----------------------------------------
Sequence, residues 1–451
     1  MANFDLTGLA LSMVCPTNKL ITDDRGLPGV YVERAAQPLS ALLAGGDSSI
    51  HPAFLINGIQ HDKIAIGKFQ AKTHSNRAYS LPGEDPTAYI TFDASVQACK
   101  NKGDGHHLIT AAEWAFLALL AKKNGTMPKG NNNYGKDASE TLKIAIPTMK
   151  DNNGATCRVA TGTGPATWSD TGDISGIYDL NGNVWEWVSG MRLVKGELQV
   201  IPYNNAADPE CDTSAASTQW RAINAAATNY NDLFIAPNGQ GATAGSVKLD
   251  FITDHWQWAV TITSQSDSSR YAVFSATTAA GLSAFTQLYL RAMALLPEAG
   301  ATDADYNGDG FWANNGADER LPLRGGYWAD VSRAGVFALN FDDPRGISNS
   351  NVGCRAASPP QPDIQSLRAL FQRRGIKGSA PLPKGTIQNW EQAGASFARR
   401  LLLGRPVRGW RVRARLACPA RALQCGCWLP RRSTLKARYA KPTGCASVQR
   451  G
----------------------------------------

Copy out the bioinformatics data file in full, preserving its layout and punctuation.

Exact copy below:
Sequence, residues 1–451
     1  MANFDLTGLA LSMVCPTNKL ITDDRGLPGV YVERAAQPLS ALLAGGDSSI
    51  HPAFLINGIQ HDKIAIGKFQ AKTHSNRAYS LPGEDPTAYI TFDASVQACK
   101  NKGDGHHLIT AAEWAFLALL AKKNGTMPKG NNNYGKDASE TLKIAIPTMK
   151  DNNGATCRVA TGTGPATWSD TGDISGIYDL NGNVWEWVSG MRLVKGELQV
   201  IPYNNAADPE CDTSAASTQW RAINAAATNY NDLFIAPNGQ GATAGSVKLD
   251  FITDHWQWAV TITSQSDSSR YAVFSATTAA GLSAFTQLYL RAMALLPEAG
   301  ATDADYNGDG FWANNGADER LPLRGGYWAD VSRAGVFALN FDDPRGISNS
   351  NVGCRAASPP QPDIQSLRAL FQRRGIKGSA PLPKGTIQNW EQAGASFARR
   401  LLLGRPVRGW RVRARLACPA RALQCGCWLP RRSTLKARYA KPTGCASVQR
   451  G